A Unique Gap Year Experience: Working With The Maasai Tribe

As part of my gap year, I’ve spent the last 8 weeks volunteering with African Impact in Moshi, Tanzania, and I can’t encourage people enough to do something similar – something completely different and out of their comfort zone. I’ve built a lifetime of memories, and every second is worth it. I promise.

Everything about this trip has been incredible, interesting and insightful so it’s going to be super hard to sum it up in only a few paragraphs! All the projects are amazing, but the one that has stood out for me is the Maasai Literacy program. It is so unique and special. I’ve had the privilege of working with around 15-20 students from the Maasai tribe – a local tribe in the Kilimanjaro Region with a fascinating culture and traditions. They are some of the nicest, friendliest, eager-to-learn people that I have ever met and they have welcomed me and the other volunteers with open arms and gave us a great insight into their life.

Many of the students are illiterate so the project focuses on Kiswahili literacy (reading and writing), which is a second language for most of the students whose mother tongue is Maasai. We also teach basic English conversation using flashcards and games, as they are eager to be able to communicate with volunteers and tourists.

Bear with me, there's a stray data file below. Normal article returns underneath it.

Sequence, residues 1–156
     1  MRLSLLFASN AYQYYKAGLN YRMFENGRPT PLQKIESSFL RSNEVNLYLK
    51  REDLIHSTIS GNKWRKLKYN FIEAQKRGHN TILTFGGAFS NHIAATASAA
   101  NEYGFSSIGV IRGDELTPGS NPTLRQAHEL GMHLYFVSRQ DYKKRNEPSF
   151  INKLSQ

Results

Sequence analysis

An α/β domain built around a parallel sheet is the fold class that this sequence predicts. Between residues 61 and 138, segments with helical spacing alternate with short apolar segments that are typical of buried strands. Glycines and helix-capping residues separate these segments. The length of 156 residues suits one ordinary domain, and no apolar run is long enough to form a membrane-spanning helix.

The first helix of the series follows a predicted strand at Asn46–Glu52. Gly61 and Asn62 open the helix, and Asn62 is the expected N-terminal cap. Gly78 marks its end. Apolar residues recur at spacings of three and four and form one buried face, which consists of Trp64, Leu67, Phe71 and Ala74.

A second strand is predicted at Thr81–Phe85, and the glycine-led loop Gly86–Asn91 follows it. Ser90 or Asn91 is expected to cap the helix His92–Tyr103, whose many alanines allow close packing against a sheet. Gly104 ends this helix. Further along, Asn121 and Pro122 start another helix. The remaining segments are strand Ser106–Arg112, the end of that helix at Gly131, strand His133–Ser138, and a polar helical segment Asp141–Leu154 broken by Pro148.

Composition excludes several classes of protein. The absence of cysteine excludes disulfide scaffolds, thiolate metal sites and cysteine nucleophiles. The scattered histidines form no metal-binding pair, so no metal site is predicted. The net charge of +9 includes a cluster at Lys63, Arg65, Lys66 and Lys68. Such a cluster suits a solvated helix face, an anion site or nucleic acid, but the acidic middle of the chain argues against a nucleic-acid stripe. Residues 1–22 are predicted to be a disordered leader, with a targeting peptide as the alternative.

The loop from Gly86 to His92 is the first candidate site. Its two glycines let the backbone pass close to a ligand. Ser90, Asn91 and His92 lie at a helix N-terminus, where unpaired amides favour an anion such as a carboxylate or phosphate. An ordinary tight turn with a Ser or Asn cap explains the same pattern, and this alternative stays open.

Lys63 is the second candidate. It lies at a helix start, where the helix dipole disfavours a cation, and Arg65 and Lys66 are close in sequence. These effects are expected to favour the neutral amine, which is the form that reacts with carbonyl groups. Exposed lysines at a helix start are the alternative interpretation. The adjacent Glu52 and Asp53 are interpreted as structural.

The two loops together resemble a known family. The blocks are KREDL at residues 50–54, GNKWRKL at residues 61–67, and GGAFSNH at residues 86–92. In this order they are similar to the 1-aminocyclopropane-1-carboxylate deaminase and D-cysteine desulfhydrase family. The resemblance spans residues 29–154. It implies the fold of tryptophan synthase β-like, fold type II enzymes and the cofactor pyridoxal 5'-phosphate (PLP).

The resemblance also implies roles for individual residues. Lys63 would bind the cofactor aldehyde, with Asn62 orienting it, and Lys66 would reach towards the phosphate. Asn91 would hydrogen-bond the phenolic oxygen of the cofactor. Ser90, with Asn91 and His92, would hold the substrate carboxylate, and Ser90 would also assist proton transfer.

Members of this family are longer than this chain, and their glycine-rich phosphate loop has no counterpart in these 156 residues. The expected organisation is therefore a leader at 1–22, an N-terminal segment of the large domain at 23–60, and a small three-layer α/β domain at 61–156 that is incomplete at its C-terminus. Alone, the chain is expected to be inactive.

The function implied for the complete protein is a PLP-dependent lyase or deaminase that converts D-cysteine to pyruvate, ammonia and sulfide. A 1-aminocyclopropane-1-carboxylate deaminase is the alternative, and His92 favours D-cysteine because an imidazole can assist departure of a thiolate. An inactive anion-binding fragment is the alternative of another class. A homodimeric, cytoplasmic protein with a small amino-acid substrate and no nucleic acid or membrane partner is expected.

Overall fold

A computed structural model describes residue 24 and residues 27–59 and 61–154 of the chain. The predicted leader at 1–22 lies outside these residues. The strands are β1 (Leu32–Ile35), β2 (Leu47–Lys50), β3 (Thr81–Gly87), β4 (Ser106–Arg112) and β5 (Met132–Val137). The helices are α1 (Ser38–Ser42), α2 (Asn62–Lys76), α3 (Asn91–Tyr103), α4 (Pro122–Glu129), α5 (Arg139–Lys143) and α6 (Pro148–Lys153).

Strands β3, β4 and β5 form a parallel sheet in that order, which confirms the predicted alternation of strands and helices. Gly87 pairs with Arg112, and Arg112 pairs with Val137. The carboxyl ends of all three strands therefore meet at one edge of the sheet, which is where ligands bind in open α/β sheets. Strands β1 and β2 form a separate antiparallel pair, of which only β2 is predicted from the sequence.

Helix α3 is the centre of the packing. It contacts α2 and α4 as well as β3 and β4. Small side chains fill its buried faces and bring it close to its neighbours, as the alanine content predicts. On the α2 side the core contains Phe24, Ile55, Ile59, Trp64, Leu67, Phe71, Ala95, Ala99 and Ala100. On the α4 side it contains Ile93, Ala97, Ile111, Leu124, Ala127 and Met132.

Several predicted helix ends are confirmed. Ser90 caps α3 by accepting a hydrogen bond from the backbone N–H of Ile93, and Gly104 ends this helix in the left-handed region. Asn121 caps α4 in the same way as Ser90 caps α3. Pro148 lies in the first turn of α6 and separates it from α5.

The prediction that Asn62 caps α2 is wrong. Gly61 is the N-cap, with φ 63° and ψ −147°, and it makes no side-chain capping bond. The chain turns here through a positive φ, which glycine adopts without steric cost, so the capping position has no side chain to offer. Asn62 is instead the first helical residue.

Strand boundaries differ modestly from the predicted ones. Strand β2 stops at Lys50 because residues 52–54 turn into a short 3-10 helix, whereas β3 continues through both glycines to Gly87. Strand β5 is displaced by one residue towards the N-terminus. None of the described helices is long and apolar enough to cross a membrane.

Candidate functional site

There is a huge range of abilities in the class: from learning to write names and recognizing the alphabet to writing full paragraphs in Kiswahili. The group is split into their different abilities, so each person can get the help and focus they need to progress.[/vc_column_text][vc_column_text]The students are so focused, determined and grateful. It’s incredibly rewarding to see people who work so hard, progress and improve. You are able to communicate with the group through other means despite the language barrier, and it’s amazing how much Swahili and Maasai you will just absorb. The students also have a great sense of humour and love to crack a hilarious joke!

My time here has very sadly come to an end. It’s come around so much quicker than I ever thought it would. Although I’m very sad to be leaving these amazing people and new friends behind, I have experienced something I could never have imagined. Although I was the ‘teacher’, they have also taught me a new culture, a new way of life and given me confidence.

I have experienced a new type of happiness, where I feel completely, entirely happy – just like the smiling people around me. I will miss everyone terribly, but I am so glad and feelso lucky that I got the chance to meet them. I will certainly remember them all. I will be back. I promise.


If, like Sasha, you are interested in volunteering in Tanzania, find out more about your options by checking through the following project pages, or contact us to find out more!

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